Gold prices seen building on biggest weekly gain since 2008
Just before 11 a.m. EDT on Friday, Comex April gold was trading at $1618.10 an ounce. Even though that was down $33.10 for the day, the metal had still posted a gain of 9% for the week so far. Analysts pointed out that the metal posted its biggest weekly gain since 2008, with the biggest impetus an early-week announcement of open-ended quantitative easing and other programs from the Federal Reserve to prop up the economy and markets amid the COVID-19 outbreak.
The U.S. Senate approved a stimulus package and the House of Representatives was expected to do likewise, perhaps as early as Friday.
Fourteen market professionals took part in the Wall Street survey. There were 10 votes, or 71%, for higher prices next week. One respondent, or 7%, was bearish, while three, or 21%, were neutral or called for sideways prices.
Meanwhile, 1,595 votes were cast in an online Main Street poll. A total of 1,138 voters, or 71%, looked for gold to rise in the next week. Another 244, or 15%, said lower, while 213, or 13%, were neutral.
“I think we are going to be up next week after we see if the vote [on stimulus in the U.S. House of Representatives] is passed and after we see if the stimulus that is promised by the G20 [Group of 20 nations] is in effect also, said George Gero, managing director with RBC Wealth Management.
Charlie Nedoss, senior market strategist with LaSalle Futures Group, looks for gold to rise some more now that the June dollar index has fallen enough to test the 20-day moving average near 98.95. The dollar has bounced from its low, and some late-week profit-taking has occurred in gold, he said.
“But longer term, I think gold is going to continue to push higher,” Nedoss said. Technically, he added, the area around $1,600 an ounce should offer good support for gold as both a psychological level and since it’s also the area around the 20- and 50-day moving averages.
Kevin Grady, president of Phoenix Futures and Options LLC, also described himself as bullish for next week despite Friday’s pullback.
“I believe the sell-off today is attributed to the both the options expiration last night and the fact that the April contract will be rolling into June by Monday,” Grady said. “At this time, longs have to decide whether to roll their existing position or to liquidate. I think that we are seeing April liquidation today. Gold margins were raised from $7,000 to $8,350 on March 25th. This could be a big factor in their decision.”
Jim Wyckoff, senior technical analyst with Kitco, also said higher.
“Charts are friendly and investors/traders are now confident about buying markets, as opposed to standing on the sidelines and hoarding cash amid recent higher anxiety,” Wyckoff said.
Adam Button, managing director of ForexLive, also looks for gains in gold now that investors aren’t having to sell to raise cash instead, as was the case earlier this month when equities were in a free fall.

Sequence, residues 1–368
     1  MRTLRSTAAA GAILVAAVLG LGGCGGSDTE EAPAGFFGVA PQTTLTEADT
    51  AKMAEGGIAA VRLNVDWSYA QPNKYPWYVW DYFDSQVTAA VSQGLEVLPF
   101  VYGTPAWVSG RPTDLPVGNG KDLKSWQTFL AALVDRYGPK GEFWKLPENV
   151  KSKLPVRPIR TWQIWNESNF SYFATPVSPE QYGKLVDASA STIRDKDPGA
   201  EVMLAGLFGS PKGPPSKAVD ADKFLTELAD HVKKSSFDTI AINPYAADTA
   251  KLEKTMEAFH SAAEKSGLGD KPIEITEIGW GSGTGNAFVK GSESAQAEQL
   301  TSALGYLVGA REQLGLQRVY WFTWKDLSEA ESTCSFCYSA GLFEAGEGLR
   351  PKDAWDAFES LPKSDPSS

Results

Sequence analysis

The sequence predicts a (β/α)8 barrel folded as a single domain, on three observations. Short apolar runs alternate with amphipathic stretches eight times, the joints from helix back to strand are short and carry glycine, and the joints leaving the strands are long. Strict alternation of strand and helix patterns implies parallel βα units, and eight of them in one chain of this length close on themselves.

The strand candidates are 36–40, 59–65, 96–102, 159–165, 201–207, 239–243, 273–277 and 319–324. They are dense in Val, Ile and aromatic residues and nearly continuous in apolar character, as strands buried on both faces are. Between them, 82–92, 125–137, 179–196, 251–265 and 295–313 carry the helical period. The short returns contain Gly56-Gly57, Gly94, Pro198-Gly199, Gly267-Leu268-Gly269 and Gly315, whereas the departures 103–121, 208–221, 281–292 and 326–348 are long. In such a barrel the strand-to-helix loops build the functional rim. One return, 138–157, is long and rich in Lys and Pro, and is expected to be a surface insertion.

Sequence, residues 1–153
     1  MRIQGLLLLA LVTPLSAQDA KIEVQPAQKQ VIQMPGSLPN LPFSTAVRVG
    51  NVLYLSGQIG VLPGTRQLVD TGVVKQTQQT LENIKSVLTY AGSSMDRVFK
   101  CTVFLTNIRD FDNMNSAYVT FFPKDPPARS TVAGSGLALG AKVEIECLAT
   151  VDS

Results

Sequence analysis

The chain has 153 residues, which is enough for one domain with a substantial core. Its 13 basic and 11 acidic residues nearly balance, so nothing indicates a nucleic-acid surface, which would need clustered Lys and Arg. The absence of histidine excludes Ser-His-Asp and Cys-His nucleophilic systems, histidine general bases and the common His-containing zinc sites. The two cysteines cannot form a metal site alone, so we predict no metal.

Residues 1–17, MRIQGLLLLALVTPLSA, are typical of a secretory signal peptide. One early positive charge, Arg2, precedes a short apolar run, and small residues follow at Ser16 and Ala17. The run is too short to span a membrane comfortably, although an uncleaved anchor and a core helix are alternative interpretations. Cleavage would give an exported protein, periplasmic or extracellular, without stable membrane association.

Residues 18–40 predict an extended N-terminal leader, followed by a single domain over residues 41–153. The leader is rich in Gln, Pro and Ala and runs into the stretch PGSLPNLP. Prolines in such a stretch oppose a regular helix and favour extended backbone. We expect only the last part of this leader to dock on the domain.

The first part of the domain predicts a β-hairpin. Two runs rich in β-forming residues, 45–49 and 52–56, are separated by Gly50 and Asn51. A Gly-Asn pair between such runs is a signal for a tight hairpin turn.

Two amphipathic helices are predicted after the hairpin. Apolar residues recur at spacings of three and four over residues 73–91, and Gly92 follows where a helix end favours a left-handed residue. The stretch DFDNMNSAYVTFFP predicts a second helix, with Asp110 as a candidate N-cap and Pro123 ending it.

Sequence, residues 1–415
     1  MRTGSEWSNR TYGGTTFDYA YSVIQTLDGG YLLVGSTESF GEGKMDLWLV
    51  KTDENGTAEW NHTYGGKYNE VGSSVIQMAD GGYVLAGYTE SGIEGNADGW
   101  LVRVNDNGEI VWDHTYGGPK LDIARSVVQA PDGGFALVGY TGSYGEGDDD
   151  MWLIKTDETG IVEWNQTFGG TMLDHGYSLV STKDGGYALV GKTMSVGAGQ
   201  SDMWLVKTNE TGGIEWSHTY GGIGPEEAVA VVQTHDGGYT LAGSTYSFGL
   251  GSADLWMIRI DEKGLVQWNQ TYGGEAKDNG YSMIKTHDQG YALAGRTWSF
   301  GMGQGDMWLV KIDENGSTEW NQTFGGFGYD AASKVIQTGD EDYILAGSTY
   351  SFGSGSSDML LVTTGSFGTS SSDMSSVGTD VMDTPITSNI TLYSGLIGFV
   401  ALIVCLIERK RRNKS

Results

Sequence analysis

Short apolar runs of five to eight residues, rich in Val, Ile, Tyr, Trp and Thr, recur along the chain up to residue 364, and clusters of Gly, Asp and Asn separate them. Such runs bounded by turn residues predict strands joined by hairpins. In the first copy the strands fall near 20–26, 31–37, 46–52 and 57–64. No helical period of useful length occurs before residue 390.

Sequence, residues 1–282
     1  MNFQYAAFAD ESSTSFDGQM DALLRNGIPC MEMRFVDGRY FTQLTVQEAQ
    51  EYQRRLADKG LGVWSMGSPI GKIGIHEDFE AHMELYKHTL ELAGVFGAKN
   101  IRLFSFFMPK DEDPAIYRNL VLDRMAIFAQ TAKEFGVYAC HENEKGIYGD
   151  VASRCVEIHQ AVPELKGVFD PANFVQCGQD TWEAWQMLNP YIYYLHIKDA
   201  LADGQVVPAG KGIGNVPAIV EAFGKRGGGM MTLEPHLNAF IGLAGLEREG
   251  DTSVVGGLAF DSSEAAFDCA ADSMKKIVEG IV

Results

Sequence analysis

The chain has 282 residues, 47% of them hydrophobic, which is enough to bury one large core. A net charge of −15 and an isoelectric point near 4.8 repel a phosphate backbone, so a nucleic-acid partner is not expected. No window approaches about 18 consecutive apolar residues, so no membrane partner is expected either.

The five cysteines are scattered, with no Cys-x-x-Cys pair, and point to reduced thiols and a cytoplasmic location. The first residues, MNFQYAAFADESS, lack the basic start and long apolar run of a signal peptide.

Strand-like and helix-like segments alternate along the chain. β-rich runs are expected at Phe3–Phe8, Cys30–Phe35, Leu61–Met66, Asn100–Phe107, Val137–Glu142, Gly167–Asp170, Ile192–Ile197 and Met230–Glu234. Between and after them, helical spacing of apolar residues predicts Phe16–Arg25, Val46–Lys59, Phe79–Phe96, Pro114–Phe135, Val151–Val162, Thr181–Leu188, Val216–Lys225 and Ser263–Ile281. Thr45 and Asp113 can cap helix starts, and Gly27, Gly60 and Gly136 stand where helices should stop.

“The liquidation phase of this crisis is over, and the focus is shifting to monetary debasement and economic uncertainty,” Button said.
Richard Baker, editor of the Eureka Miner’s Report, looks for gold to rise since a number of obstacles to higher prices were cleared this week. These include the U.S. dollar coming down from its highs and perhaps facing increasing pressure from the multi-trillion-dollar relief package from Congress; an abatement of the liquidations that previously depressed precious metals, even though Friday morning’s sharp equity decline may signal a smaller round is underway; and a bullish low interest-rate environment.
“With the U.S. quickly becoming the new epicenter of this horrific pandemic, the uncertainty facing the economies and markets will propel gold to $1,800 per ounce, perhaps higher,” Baker said. “I believe it likely that Comex gold will see at least $1,680 per ounce next week, with embattled silver following to $14.80 per ounce.”
Meanwhile, Mark Leibovit, publisher of VR Metals/Resource Letter, said in an email that gold “looks toppy to me. Called the pullback to the mid $1,400s when everyone else was bullish. Cycles down to summer.”
The neutral votes included Colin Cieszynski, chief market strategist at SIA Wealth Management, and Phillip Streible, chief market strategist with Blue Line Futures.
“Gold appears to be settling into a $1,600-$1,640 trading range but...the potential exists for large swings in both directions,” Cieszynski said. “What happens with the U.S. dollar may continue to drive short-term trading swings, while the ongoing dovishness of central banks provides longer-term support.”
Added Streible: “Gold futures are fighting heavy resistance at $1,704 and will need more clarity on the stimulus and weaker equity prices in order to attract further buying.”
The April futures peaked at $1,704.30 on March 9 and stopped just shy of $1,700 two days this week.